Saturday, June 26, 2004

Remembrance of 1959

I encouraged members of the White Sox Mailing List to read my post on the 1959 White Sox and to share their thoughts. One list member, Marian, had the following reminiscence on the 1959 Sox (a couple of comments inserted):
The anticipation when manager Al Lopez came over from Cleveland [ed - for the 1957 season] was huge. He's gotten a bad name since because of Nellie Fox and the HOF [ed: rumor was that Lopez kept Fox out of the Hall of Fame] but at the time, he was considered a 'real' manager- a serious manager.

The Sox were really true to their name, "The Go-Go Sox" which meant that they were an alert team. -Kind of a version of the 'Winning Ugly' team of a later time. Defense was extraordinary. -Reminds me of the old Chicago Bear reputation. Stengel said that the infield robbed opposing teams of 5 base hits in every game..or something like that. We were proud in that fringe way that Sox fans are usually proud if they can be proud at all.

The offense was alert if not particularly brilliant and that's saying a lot. I appreciate that quality in any team- the Angels come to mind right now, for example. Pitching was labor- thankless labor, frequently. The staff really worked and rarely had a big lead to work with. (Do stats back this up?) Wynn was a workhorse- a square man who could endure. But Billy Pierce was the darling of the staff. He didn't have his best year in '59 but he got us there. (How many 1-0 decisions did he win or lose in the preceding couple of years?) [ed: none in 1959, but he won two 1-0 games in 1957 and won one 1-0 game in 1958, while losing no 1-0 games in that period]

Ted Kluszewski was a monster- a visiting Hessian.

Chicago was like a Chagall painting when the Sox won the pennant. -Everyone was dancing and sort of upside down. Everyone talked to everyone else and as I remember, we shouted our good news to each other. It was a Sox town, no doubt about it. Joy rained down from the El tracks. I remember buying a newspaper from a stand downtown and people gathering around trying to express the joy.

The ghosts of 1919 were there too, to be vindicated I think. Maybe they would have been if it weren't for the Dodgers. But then I realize that I believe that we'll never be free of the shadow of the Black Sox. It goes with the territory- like wedding vows. Like many of us, I was promised to this team long before the age of consent by virtue of being born into a Sox family.

Wow, good stuff Marian. I, too, was "promised to this team long before the age of consent," and despite the many frustrations that betrothal has caused, it's the community of Sox fans that keeps me faithful.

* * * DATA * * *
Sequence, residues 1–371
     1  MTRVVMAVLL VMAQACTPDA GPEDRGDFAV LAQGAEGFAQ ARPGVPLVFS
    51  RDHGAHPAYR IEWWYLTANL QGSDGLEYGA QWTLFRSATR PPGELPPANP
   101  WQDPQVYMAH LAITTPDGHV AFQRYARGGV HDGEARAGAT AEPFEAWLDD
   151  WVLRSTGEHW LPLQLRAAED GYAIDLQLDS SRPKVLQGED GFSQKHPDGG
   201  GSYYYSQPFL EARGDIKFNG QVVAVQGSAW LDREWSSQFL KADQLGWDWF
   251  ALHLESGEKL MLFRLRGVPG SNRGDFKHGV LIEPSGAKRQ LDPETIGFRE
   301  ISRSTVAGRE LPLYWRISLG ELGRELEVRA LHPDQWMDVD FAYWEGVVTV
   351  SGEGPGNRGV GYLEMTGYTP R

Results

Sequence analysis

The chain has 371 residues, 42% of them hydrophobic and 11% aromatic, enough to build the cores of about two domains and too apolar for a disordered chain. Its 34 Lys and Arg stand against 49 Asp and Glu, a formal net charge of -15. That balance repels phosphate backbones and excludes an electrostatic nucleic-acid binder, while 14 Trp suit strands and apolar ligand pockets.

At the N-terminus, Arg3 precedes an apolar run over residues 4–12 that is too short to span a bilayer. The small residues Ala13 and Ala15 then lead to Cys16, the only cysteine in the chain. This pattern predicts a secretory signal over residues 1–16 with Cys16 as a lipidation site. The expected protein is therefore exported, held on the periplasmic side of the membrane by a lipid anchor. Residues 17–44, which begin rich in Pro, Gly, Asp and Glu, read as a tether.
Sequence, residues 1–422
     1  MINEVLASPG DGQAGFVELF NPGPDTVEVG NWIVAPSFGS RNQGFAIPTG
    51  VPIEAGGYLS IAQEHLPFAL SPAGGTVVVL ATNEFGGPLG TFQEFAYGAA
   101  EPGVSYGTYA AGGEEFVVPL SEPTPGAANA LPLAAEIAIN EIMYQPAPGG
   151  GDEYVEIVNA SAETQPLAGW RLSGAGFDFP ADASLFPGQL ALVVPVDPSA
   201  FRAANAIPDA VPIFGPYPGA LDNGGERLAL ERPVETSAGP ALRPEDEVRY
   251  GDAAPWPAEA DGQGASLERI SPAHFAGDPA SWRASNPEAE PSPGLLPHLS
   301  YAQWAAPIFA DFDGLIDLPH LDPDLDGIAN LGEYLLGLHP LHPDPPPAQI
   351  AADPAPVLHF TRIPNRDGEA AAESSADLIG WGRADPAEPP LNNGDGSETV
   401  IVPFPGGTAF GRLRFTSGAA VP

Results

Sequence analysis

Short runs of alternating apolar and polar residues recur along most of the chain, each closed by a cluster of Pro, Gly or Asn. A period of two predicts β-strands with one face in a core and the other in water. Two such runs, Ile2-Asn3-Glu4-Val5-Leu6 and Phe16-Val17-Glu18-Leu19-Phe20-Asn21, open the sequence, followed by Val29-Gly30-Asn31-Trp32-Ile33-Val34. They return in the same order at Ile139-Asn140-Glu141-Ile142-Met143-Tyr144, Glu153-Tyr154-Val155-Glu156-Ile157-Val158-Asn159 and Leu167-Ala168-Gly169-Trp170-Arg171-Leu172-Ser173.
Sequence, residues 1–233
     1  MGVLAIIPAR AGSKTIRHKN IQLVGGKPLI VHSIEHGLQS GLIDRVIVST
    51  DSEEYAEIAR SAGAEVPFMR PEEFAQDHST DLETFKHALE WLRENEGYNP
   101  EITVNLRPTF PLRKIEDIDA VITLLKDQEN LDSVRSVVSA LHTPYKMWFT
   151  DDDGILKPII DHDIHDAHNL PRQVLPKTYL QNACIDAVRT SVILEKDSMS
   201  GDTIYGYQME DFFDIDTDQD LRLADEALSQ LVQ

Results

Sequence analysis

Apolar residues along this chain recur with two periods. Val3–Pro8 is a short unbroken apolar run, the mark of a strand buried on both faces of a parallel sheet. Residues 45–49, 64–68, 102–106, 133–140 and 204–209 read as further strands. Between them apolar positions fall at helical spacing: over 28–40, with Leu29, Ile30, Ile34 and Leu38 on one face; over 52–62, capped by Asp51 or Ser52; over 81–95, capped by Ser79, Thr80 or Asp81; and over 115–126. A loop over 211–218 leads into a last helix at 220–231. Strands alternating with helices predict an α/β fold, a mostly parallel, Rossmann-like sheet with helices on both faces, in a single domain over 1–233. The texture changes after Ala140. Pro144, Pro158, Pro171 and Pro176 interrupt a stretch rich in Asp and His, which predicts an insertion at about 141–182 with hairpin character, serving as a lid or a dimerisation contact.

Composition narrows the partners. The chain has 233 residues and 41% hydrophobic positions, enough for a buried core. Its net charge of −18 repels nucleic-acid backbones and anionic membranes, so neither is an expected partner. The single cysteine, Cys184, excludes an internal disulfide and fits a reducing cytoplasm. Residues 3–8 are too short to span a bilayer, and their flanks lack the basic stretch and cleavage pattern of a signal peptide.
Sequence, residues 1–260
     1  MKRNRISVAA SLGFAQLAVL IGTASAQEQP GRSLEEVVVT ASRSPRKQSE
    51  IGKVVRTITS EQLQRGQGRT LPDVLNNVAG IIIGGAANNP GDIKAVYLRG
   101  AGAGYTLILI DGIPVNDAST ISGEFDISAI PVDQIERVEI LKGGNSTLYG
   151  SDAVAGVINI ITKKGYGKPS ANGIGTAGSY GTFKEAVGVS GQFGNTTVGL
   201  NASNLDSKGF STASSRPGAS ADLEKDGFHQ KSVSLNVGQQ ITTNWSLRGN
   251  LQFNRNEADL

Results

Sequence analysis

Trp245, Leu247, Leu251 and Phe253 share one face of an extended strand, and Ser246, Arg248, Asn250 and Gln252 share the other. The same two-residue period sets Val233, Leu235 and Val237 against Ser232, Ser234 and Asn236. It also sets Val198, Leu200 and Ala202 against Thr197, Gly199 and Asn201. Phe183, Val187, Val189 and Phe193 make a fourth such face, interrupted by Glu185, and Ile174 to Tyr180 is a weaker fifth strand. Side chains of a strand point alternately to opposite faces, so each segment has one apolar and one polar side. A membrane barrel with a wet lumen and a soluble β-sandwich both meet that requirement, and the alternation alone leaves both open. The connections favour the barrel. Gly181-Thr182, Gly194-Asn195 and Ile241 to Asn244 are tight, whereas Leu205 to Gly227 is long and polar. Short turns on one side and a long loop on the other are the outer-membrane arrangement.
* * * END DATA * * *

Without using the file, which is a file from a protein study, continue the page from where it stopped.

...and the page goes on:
Mike Ward, the ListFather, wrote:
[Y]ou seem to have captured the essence of the 59 Sox rather well with the exception of the Series. (I gotta be kissing up to you since I can't remember anything so take the compliment for what it is worth) I remember 2 things about it. The first game and joy and then Larry Sherry. You missed Sherry, man.. he was the
Series... he put me into my lifelong baseball depression. I believe he was Series MVP and started this pops and taps thing that the Sox still suffer with to this day in any playoff series.

As far as the regular season goes, sounds about right. As I recall it, the Yankees were simply down that year more than the Sox were all that much better than they usually were and I was going to say it was mainly because Mantle was hurt a lot but facts don't back up that thesis as he only missed 10 games and other than being down
rbi wise, had a reasonable year for him. But somehow the Sox managed to sneak in and finally get one.

Ward is right, of course, Sherry was the Series MVP. Why did the Yankees struggle? Who knows. They went from #1 in Runs Scored and Runs Allowed in 1958 to #4 and #3 in 1959...then went back to #1 and #3 in 1960 [newsflash - the Sox were tied for #1 in runs scored in 1960 and actually allowed fewer runs than the Yankees by a smidge. It's probably fair to say that the 1960 team may have been better than the 1959 team - the Yankees won 8 more games than their Pythagorean projection, and the Sox won 3 fewer games - hence the 10 game difference]. Roger Maris may have been a key difference - he wasn't on the 1959 Yankees. He came to the Yankees in 1960, stroked 39 homers and took the AL MVP award. He had been good, but not great with the KC A's and the Indians, but was 25 and hitting his prime in 1960. He replaced Hank Bauer, who really stunk up the field in 1959. Mickey Mantle wasn't the difference - he slugged a little better in 1960, but his stats were pretty similar otherwise. The Yankee pitching was eerily similar in 1959 and 1960 - posting a 3.60 and 3.52 ERA in those years.

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